The west shore. (Portland, Or.) 1875-1891, September 28, 1889, Page 70, Image 6

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1 ' l "r
rt.V I'SW
MM T.MI.I ft
7, 7, .'
l-fiTJi ii. -H ' -
Neil III pro
gress in tin
vallevsof Cul
ifornia, Ore
gon, Washington
vft!Kivl I Ml"1 ,iri,iHh t'1-
IfW rvnl past, and the fields
WhiW7T JvvW' l have nrcscntcd
MVIIC (if bllstlillg
industry from cur
ly dawn till twi
light. F(ir several
week yet the work
w ill continue in mum1 phiecs, ami then
the field will In deserted until the rains
Hllil mill itf mini In. r nitutii .k.i... 4 1...
mi i 'a . ...i u.iiii nun w
fl J H' with a luxuriant growth of vims
ami npn the luyriml of clinging blot-
Hops arc picked in Califiiriiiu cliictly by ('liiniuncn.
In On-gmi tliinciM luhor it used in mhiic places, hut
w bite ro.le of all age go into the fw nlll j,.
cr the crop. Many of the pupil of the Indian training
m liool at Chemawa aUi cam much money in thin wav
every season. Chinese labor i not no desirable aw that
of white -o.e or Indian in the hop fields, ami grow.
cm only employ U an a matter of ncv-eity to nave
their crop. Such a sudden demand f.,r labor for mi
brief a pcrUI exhaust all ordinary supplies, ami hun
drrU go Into the hop fichla to work who do not ,Tt
employment at other Man of the year. In Wash
iniCton and tritih Columbia Indian laW in nli.-d
uh.ii, and the native make the Ut Kt ,U(t j,n,fit.
aide pi.krra. The hop fi.ld of Yakima valley are
filial w ilh picker from the adjacent reservation, where
livti M.ineof the m.wt induitrW and progn-uive In
diana to I found ill the went, while thocc of tl. p.(
aoiiiul valley and tlie delta of rWr river depud
tip.n tho native that live aUit the shore ,,f I'ugrt
Miuml and on the mainland and island that kirt the
eo.t from Washington to Alaoka. It in a field of thin
rlM of pukerw that i m truthfully repented in the
krtch on the first In the "luxuriant growth ,f
tlw nutted and tangled vim, in the mM.i of dinging
h,.. and In thr unl.juf apj- aranc of the pukrra, old
and young, mule and fenutle, with their long hair and
hrightly colored giirmcnts, tho skek'h is mont true to
ruyiillup valley ia the moat extensively cultivated
to hop of any Rcction of tho Pacific coast. No less
than 2,(XH) acres of vincB, in fields varying in size from
five to M) acres, are being picked, and probably 3,000
hands, chictly Indians, aro engaged in the work. This
far-famed valley possesses a deep, alluvial soil of great
fertility, and the yield of hops is marvelous. In an
ordinary season an average of 2,(XK) pounds to the acre
is looked for, while 3,.r)(X) pounds have ofk'n leen pro
duced under favorable conditions. This has been a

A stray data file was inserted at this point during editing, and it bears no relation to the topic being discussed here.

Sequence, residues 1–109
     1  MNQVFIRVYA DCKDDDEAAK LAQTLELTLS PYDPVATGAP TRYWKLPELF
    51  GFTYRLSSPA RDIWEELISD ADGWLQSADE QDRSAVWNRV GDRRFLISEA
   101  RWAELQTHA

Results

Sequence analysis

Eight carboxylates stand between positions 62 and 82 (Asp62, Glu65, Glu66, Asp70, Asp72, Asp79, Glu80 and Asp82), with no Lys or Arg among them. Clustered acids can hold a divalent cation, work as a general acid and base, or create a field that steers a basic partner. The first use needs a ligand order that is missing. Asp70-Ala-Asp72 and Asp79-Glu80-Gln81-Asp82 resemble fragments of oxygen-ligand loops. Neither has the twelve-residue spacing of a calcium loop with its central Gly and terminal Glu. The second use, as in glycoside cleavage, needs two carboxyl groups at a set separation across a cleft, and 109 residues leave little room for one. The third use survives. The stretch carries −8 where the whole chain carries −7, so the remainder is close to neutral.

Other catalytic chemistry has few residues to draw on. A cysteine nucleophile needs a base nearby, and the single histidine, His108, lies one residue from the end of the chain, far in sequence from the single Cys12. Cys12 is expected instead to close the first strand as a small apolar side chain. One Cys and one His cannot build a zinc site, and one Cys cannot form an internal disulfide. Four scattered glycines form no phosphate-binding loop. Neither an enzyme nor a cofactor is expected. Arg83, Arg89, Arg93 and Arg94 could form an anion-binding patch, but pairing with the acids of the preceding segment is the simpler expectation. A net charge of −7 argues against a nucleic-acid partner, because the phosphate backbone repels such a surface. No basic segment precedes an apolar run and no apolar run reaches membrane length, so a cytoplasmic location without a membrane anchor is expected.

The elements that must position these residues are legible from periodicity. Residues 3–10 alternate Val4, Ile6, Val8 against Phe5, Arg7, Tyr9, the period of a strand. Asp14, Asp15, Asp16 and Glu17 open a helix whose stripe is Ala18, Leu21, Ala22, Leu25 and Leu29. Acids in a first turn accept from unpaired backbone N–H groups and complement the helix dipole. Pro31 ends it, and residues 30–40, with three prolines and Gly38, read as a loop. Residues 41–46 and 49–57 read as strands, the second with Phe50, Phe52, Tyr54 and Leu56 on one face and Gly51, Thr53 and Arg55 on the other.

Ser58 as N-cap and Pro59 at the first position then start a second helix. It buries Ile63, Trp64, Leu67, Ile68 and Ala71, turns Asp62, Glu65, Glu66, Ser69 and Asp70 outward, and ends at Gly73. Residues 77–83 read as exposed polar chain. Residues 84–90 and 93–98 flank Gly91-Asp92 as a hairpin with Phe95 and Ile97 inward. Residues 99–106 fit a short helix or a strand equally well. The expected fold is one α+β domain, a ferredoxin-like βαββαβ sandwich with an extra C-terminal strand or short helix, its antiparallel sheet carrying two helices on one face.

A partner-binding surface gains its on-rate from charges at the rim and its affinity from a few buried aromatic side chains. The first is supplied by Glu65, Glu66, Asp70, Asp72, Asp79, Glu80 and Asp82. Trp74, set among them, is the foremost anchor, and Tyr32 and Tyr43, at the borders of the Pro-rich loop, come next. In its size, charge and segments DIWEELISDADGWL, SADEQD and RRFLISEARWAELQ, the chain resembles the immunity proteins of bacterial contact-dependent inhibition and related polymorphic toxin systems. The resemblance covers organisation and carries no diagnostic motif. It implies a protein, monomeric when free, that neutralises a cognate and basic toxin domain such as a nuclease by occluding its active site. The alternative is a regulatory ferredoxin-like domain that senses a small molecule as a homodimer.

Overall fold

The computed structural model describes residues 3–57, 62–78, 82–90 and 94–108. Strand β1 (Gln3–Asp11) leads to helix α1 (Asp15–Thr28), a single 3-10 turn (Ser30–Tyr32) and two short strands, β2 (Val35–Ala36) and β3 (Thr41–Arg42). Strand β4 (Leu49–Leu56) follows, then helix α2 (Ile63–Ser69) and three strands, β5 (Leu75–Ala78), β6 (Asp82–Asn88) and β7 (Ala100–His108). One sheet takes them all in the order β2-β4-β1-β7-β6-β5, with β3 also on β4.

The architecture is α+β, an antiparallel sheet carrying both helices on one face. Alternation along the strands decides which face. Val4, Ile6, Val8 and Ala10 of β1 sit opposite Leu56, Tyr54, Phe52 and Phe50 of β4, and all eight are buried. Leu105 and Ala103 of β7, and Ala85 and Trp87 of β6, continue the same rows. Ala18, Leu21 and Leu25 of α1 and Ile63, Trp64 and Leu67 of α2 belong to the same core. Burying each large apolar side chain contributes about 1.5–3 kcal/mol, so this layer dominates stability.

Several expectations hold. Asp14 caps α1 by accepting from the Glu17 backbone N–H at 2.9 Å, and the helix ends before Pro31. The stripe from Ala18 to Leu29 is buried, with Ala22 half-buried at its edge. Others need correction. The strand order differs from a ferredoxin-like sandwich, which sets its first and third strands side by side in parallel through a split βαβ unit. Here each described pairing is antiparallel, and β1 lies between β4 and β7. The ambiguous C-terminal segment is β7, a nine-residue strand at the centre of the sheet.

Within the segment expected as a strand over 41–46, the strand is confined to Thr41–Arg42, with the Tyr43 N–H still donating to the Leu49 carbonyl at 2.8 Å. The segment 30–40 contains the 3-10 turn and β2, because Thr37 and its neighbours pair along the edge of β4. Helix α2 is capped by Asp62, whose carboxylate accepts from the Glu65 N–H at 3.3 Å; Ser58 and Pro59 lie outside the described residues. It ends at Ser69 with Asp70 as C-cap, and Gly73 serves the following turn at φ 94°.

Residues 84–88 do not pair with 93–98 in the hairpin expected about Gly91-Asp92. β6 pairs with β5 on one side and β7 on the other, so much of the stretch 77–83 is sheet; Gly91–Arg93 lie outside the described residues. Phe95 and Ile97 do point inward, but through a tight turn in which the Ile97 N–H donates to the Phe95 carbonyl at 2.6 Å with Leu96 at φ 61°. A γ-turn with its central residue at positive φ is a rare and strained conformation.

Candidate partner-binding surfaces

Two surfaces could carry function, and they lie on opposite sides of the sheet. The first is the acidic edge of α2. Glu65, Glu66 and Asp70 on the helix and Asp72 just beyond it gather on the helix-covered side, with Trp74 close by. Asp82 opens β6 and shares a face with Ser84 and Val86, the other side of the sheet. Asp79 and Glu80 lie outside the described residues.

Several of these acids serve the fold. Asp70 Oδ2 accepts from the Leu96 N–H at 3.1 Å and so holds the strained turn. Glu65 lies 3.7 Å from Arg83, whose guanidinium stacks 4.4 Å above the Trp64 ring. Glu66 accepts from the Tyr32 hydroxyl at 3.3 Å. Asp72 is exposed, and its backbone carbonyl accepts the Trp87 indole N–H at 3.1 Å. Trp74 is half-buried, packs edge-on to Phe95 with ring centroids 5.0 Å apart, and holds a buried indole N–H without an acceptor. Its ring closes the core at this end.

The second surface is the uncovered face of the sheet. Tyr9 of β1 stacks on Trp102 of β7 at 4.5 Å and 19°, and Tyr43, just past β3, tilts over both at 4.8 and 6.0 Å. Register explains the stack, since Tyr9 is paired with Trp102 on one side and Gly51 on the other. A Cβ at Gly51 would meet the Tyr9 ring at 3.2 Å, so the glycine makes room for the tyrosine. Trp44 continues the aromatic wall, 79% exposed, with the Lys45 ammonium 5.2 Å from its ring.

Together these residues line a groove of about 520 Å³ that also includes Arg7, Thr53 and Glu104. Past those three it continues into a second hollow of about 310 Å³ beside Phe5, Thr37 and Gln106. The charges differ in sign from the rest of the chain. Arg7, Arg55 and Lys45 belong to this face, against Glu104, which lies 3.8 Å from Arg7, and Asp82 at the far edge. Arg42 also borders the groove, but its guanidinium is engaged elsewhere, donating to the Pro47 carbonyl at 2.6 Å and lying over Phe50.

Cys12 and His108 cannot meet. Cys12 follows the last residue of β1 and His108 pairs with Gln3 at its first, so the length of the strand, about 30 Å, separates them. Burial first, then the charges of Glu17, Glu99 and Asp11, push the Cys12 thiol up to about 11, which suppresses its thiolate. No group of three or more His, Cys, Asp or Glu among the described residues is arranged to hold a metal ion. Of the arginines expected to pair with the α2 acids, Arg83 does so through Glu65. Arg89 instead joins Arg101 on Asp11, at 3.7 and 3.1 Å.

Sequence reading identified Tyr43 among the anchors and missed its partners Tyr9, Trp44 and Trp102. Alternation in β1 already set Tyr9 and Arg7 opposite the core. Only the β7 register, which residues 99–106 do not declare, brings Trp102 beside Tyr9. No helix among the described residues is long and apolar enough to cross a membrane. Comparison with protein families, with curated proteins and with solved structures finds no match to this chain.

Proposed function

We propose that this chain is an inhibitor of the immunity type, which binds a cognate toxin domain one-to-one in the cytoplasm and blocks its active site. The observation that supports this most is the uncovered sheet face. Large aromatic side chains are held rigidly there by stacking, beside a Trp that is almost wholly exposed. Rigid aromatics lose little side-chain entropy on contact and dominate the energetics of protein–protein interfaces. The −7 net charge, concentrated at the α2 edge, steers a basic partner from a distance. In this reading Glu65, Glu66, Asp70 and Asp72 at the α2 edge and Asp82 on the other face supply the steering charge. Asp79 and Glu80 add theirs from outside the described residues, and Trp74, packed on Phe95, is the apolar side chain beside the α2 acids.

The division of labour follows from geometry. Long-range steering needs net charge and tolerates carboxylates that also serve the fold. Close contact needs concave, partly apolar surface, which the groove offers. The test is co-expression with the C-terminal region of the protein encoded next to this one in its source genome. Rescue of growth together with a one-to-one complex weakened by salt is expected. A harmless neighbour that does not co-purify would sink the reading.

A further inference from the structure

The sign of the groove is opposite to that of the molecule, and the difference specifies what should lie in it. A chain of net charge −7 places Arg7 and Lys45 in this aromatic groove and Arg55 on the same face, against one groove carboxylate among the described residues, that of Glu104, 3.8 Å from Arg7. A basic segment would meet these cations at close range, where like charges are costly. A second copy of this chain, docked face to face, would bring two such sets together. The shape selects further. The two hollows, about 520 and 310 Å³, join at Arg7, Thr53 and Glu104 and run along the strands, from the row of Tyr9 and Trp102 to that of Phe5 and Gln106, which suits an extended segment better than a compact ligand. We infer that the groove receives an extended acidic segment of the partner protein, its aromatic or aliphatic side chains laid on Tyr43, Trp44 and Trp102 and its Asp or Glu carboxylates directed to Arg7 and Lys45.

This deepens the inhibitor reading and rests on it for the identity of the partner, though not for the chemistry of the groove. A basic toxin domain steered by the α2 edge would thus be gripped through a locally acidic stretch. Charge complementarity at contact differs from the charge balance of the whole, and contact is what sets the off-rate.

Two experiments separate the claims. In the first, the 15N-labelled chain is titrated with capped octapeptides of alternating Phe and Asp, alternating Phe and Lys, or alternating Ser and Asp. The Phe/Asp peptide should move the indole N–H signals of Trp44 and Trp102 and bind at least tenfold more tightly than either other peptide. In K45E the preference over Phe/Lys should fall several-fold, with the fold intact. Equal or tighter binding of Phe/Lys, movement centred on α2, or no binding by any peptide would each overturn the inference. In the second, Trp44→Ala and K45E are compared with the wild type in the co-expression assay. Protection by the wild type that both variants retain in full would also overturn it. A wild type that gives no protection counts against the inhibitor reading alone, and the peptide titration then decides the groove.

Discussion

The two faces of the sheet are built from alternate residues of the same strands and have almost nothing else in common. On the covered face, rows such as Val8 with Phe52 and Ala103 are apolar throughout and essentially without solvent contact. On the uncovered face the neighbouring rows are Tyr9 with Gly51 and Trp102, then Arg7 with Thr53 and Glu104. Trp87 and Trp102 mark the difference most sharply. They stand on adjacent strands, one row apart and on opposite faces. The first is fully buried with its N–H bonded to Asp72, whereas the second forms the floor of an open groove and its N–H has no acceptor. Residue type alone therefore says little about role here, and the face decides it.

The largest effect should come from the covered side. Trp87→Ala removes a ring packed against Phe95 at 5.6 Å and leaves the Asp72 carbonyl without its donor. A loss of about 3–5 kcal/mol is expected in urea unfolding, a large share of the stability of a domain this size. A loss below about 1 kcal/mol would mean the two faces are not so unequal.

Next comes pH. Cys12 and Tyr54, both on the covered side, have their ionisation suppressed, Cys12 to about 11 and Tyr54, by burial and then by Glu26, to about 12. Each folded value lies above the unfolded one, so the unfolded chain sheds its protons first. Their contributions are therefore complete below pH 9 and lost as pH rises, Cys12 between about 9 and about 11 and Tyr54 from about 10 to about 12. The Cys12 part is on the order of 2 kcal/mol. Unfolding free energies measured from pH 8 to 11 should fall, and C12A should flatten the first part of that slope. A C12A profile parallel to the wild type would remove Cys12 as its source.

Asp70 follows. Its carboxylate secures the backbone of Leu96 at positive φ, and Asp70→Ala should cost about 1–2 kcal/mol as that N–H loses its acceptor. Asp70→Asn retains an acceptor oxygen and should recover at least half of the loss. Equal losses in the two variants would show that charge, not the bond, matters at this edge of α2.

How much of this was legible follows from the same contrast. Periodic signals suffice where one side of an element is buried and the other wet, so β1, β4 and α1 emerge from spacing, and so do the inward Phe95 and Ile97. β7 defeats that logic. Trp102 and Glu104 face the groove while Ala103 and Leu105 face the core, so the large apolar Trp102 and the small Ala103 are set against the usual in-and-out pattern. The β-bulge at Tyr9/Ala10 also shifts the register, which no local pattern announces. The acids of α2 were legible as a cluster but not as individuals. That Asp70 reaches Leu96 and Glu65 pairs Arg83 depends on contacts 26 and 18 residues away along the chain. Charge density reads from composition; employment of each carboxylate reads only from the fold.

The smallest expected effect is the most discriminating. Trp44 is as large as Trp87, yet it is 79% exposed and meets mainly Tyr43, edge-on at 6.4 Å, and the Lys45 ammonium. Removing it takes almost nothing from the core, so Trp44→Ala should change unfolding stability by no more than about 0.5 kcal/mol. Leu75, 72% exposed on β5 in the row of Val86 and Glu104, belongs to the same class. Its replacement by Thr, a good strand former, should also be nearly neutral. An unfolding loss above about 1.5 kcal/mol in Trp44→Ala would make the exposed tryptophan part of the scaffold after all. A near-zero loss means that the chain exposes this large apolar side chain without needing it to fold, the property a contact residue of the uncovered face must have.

season of unprecedented dryness, and tho yield has
Inch ImIow tht average everywhere; yet from 1 .500 to
2,(Xi() xmnds pr acre is the report thnt conies from the
most careful growers. A field of six and one-half acres
in White river valley, near Puyallup valley, yielded
IH.ISO pounds, or almost 3,(MM pounds to the acre.
When such results can k obtained in a season like the
present, it spaks well for the quality of soil and cli
mate and the good cultivation and care of tho grower.
Hut it is not so much of the hopB as the interesting and
pictureMiie pickers, of which our engravings treat, that
it is intended here to sp'ak.
As the Kcasoii draws near for tho nickimr to bein.
the Indians gradually assemble from far and near, and
most motley crew they are. Those from over the
mountains come on horses, w ith their worldly effects
' pack animals, the wjuawg with their pappooses
strapjied to their backs, and the bucks with their ritlcs
in their hands. With them they bring the simple con
stituents of their domestic life, consisting of a few
blankets, some skins trom which to construct a lodne,
"d a meagre supply f utotiHiln for culinary purposes.
Those that come fro,,, the shores of the sound or the
more distant cast to the north make tho journey in
their large canoes, huge Uts of their own handiwork
''""'"J fr ,,,' trunk of the giant cedars of the north,
with figures carved ,m the projecting prows that would
l't to shame the images of lWtsy Ann and maids of
the sea that adorn our merchant marine. Twenty -I'le
can find scats in one of these cedar craR, and whole make this annual M.uthern pilgrimage in a ll-t
'f raiuw, much in the same way as in earlier years
wr parti usej to invade the sound country, camping
Hong the beach w hcrvver night overtakes them. The